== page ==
It will undoubtedly be interesting to see how Rita Makekau handles her appeal in light of the line of cases that have dealt with the same legal defense of "lack of jurisdiction" based on a person being either a Native Hawaiian, a citizen of the Hawaiian Kingdom, or a descendant of a citizen to the Hawaiian Kingdom. No defendant (criminal or civil) has won their case using the same defense.



Governor Linda Lingle Expresses Intent to Proceed With U.S. Supreme Court Review

On November 24, 2008, Governor Lingle held a news conference where she discussed the ceded lands case now pending at the Supreme Court of The United States. You can watch the press conference by clicking here.

Friday, November 21, 2008

Hawai'i's growing influence in Washington?

I got this article through Scott Crawford's blog. Scott Crawford was, I believe perhaps the first blogger on Native Hawaiian issues. At any rate, Scott's blog brought me to an article published in "The Hill." The Hill is a newspaper that covers the United States Congress. Anyway, The Hill's article is titled, "Hawaii stands ready to become the Big Kahuna in Washington."

Key points from the article include:
- Senator Inouye will be in a powerful position as chairman of the Senate Appropriations Committee,
- Senators Abercrombie and Akaka will have "clout" due to their seniority, and
- Barack Obama, born in Hawai'i and who "reflects the pacific islands' multicultural ethos," is the next President.

The article speculates that as a result of the points described above, what may result is:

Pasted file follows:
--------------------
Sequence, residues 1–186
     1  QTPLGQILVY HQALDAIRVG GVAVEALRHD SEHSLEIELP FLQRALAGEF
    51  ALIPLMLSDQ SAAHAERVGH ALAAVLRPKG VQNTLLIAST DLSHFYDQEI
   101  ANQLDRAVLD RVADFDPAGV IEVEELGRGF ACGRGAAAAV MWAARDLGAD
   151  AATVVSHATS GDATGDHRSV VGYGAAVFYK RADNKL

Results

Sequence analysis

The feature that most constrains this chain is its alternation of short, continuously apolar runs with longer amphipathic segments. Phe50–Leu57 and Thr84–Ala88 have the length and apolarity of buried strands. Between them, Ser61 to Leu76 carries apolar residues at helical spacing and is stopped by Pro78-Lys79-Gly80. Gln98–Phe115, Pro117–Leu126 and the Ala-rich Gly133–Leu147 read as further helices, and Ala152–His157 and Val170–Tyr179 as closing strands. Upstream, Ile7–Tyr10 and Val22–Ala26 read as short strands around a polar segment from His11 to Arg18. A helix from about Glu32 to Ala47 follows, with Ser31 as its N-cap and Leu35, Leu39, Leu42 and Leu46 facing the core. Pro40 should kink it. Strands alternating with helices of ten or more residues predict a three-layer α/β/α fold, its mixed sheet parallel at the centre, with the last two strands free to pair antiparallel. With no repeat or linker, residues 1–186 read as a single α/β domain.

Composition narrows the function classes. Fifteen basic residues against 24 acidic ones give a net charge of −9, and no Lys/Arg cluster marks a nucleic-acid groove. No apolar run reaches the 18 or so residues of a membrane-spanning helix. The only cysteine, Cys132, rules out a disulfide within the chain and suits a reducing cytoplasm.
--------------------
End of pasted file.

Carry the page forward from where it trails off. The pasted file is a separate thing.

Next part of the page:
- the federal government footing a portion of the estimated $5 billion cost for an elevated rail project,
- the Akaka Bill, which provides a process for Hawaiians to attain federal recognition, will pass,
- money to "boost the state's year-round tourism industry,
- relieve high oil prices, and
- an increase in the "amount of money from Washington that" Hawai'i's congressional delegation usually gets.

It is undoubtedly an interesting article to read and if you're from Hawai'i, perhaps a hopeful article.

Community Outreach and a Law Student's commentary

Sorry for missing a posting yesterday Thursday. But we shared some great news on the Wednesday posting. Thursday was a very VERY busy day especially coming after Wednesday.

On Wednesday, November 19, 2008, Community Outreach Fellow, Derek Kauanoe was at Kailua High School for its Career Day Fair held in Kailua High School's gymnasium. At a later date, but not too far into the future, we'll be posting some video footage of the outreach effort. Hopefully within the next couple of days and with a thorough description of the day's events.



Third year law student, Evan Silberstein, a student at the William S. Richardson School of Law had his commentary printed in today's Honolulu Advertiser.

In his commentary, Evan mentions this blog site as the source of video footage of a "post-election discussion." Because Mr. Silberstein cited to this blog site for the video footage, I'll make it easier for people to find that footage by embedding it below.

Ken Conklin provides a critique of Evan's commentary. To read it, you'll need to scroll down past the commentary.

PART 1
Streaming Video by Ustream.TV

PART 2
Live Broadcast by Ustream.TV



Wednesday, November 19, 2008

$100,000 goes to Hawai'i Law School and the Office of Hawaiian Affairs and the Army reach a resolution?

According to a Pacific Business News article, the law firm of Starn O'Toole Marcus & Fisher will donate $100,000 to the William S. Richardson School of Law for scholarships and the school's moot court program. The article describes the moot court program as nationally-recognized. Mahalo to the law firm for its generosity.